15. In my engine, I had a problem which this method could have fixed. When the client called the LoadTexture function, it returned a pointer to a texture. TexturePointer -> TextureObject All the DrawTexture function then had to do was to dereference the TexturePointer to get to the texture, and then draw it. However, the problem was that the TextureObject was managed in a dynamic array, in which data was shifted around a lot. So whenever the memory location of the TextureObject was changed, TexturePointer became invalid. If the dynamic array management system had a copy of TexturePointer, it could update the value of that variable (so basically changing where it points) each time the array was shifted around. I had to use a pretty retarded solution... The client passed a pointer to TexturePointer to the engine so the engine could update TexturePointer.
  16. I don't see anything wrong with your solution (interfaces), since they give you the functionality you desired. However, if you think java interfaces are a sort of multiple inheritance hack, then you can do something like the following: class Car { private: Drawable *drawable; Moveable *moveable; public: Car() { drawable = new Drawable("Car.bmp"); moveable = new Moveable(2, 6); } Drawable *GetDrawable() { return Drawable; } Moveable *GetMoveable() { return Moveable; } } int main() { Car *car = new Car(); car->GetDrawable()->Draw(); car->GetMoveable()->Move(); List<Movable *> movableStuff; movableStuff.add(car->GetMoveable()); movableStuff.add(car2->GetMoveable()); ... }
  17. AcePilot

    How to remove a critter?

    "Chemical Ali" could have helped you with this. Too bad he's gone.
  18. I guess it all depends on personal choice. Each programmer has their own system of naming functions, and they pick whatever makes the most sense to them. However, sometimes the choice is more systematic. You gave the example of a choice between OnInput, ProcessInput, and HandleInput. If the input function is the kind that is called only when something like a keypress has taken place, OnInput would be a better name. If the function is called each frame and checks to see if an event has occurred, then both ProcessInput or HandleInput would work. Also, the choice could depend on the context. Say your render function is called OnPaint. In this case, calling the input function OnInput would lead to better overall organization than if you called it ProcessInput.
  19. I'm not sure if I understand your problem completely, but you can try predicting the next position of the player if he moved forward, and if that position is valid then let the player move. Something like: MovePlayerForward(); if(PlayerIsOffMap()) ReversePlayer(); // Putting him back where he was.
  20. I have decided that it is time for me to get a laptop, but I have a major problem. I can buy anything up to $2500, and I need it to have relatively high end graphics capabilities (so I can use most of the new graphics goodies coming out) and C++ developer friendly. So far, no problem. The problem is that I am not allowed to order anything online, so I have to rely on local retail stores in Brampton. The main (reputable) ones are The Source, Best Buy, and Future Shop. All these stores focus more on mainstream laptops (around $1000 with Intel GMA graphics) than on high end, gaming laptops. Also, even the decent laptops in these stores are for an unreasonably high price. For about $2500, I could order a Dell XPS which is potentially the best gaming laptop in the market. For the same price, I can get a bloated, crappy mainstream laptop in the retail stores mentioned above. Clearly, these stores are ripping me off. But I have no choice. Looking at the above factors, here is my current choice. I can't find any reviews for this laptop, since DV9330 barely turns up results on google, and am quite concerned with the relatively small 2MB L2 Cache. Should I be concerned about this, and would you guys say that this is a good deal in general? If not, any suggestions? P.S. The only gaming laptop I found was in The Source, the Asus G1. Not surprisingly, it is out of stock in every store in Brampton, and every store in nearby Toronto.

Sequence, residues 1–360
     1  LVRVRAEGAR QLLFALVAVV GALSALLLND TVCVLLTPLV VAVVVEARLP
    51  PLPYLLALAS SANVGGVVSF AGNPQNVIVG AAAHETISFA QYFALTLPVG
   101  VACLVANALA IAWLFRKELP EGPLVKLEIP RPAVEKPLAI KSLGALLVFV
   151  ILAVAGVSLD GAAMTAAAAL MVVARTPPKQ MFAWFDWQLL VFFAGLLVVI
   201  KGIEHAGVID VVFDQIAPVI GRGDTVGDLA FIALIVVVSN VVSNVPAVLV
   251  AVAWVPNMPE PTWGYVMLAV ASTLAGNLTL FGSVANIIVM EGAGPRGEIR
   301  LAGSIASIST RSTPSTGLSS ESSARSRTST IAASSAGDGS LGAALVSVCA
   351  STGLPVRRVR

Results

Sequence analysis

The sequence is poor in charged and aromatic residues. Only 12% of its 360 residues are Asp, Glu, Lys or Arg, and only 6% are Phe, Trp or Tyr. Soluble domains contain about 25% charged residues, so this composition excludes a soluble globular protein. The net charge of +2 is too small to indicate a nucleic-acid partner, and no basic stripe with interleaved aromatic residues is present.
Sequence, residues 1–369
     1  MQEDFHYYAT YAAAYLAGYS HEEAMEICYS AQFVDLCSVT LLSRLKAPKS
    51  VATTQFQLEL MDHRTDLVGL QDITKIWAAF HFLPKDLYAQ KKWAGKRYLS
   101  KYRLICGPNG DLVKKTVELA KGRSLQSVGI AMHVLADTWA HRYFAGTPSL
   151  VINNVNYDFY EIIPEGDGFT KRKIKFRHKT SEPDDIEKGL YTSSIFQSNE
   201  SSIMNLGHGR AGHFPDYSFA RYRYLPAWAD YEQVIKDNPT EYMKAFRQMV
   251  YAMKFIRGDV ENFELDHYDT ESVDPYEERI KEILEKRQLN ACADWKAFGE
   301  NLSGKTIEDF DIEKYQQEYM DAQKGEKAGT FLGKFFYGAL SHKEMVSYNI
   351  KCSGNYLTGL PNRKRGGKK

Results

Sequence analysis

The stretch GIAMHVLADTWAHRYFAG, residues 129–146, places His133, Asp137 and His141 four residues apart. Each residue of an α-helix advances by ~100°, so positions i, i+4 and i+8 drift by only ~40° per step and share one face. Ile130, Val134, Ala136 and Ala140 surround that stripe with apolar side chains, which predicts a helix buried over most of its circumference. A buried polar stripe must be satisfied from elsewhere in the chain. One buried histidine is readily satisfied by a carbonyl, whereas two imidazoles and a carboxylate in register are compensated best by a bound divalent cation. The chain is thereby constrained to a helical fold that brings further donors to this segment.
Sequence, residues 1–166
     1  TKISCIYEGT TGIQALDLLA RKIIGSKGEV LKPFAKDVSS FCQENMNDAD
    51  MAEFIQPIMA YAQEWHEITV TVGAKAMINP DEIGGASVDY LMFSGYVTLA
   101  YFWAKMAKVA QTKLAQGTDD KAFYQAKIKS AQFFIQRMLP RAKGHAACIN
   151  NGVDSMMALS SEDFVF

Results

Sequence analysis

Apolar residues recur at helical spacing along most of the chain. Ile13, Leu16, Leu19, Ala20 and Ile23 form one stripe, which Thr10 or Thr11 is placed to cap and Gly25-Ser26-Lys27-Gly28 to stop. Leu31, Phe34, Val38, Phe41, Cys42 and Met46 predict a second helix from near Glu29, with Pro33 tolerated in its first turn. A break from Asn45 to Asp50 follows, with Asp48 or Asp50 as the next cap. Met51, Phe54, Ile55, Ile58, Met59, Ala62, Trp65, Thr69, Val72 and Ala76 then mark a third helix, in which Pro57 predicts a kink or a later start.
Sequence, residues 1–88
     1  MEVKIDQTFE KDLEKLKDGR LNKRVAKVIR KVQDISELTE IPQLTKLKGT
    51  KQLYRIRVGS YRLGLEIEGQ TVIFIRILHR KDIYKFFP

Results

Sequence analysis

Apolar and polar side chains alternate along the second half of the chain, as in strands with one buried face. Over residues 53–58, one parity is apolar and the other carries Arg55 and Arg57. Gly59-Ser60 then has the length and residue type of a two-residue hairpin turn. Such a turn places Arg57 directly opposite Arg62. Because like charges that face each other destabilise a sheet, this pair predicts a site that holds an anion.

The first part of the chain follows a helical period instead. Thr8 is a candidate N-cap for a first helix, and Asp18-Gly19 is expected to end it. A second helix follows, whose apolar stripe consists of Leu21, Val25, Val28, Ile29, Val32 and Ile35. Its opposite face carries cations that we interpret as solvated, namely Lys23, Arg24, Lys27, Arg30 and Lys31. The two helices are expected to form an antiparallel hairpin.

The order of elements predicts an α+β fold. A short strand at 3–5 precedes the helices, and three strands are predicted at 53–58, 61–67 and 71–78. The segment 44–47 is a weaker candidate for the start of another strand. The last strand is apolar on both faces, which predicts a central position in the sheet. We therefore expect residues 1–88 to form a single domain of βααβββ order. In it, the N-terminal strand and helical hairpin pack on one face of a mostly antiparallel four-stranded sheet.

21. AcePilot

    People quoting 300

    I guarantee that eventually in this thread, there will be a picture of a kitten with the head of Leonidas photoshopped on it...
  22. Hardware-accelerated realtime raytracing support on all new graphics cards would completely end the photorealistic graphics race. Someone needs to do it, its been in the prototype stage for way too long.
  23. Quote: Original post by alnite All of a sudden, this threads makes so much sense now! Quote: Original post by super_dead_nYit im getting so fed up, i feel like tearing out my eyeballs. i want some help. and ive tried time after time, to start a game orogramjing (sounds like mix between orgasming and programming) club at school, but no one listens to me. im getting so fed up, i want some help before i cry and scream some more. Fortunately, I can help you.
  24. I'm not sure if this will work, but try it anyways. void check_clear_row() { int row; // Scan through all the rows for(row = 0; row < SCREENH - 1; row++) { int i; BOOL isFull = TRUE; // Does this row need to be cleared? for(i = 0; i < 8; i++) { if(arr_tetris_screen[row] == NO_TILE) isFull = FALSE; } // Clear row if(isFull) { int currow; // Scan through all rows above this one, starting from this one. for(currow = row; currow > 0; currow--) { // Replace this row by the one right above it for(i = 0; i < 8; i++) { arr_tetris_screen[currow] = arr_tetris_screen[currow - 1]; } } } } translate(); }
  25. AcePilot

    How to load/draw levels

    There are many ways to go about this, and nearly every game uses a different method for storing and drawing levels. Assuming your game is 3D, you can come up with a file format that basically tells the computer how to draw your level. Something like this: mylevel.txt LevelName: "MyLevel" // Name of the level Texture: "mytex.bmp" // Name of the current texture Cube: 5, 3, 2, 10 // x, y, z, sidelength Sphere: 2, 2, 2, 5 // x, y, z, radius Mesh: "mymesh.x", 3, 5, 6 // Name of mesh file, x, y, z All your program has to do now is go through the level file and do what it says. So when it reaches the line "Cube: ...", it calls the DrawCube function with the supplied data, and if there is a collision detection system it passes this information to that system so that it becomes "aware" of the cube. This is an extremely simple example, your game will probably require a more sophisticated level format but the general idea remains the same.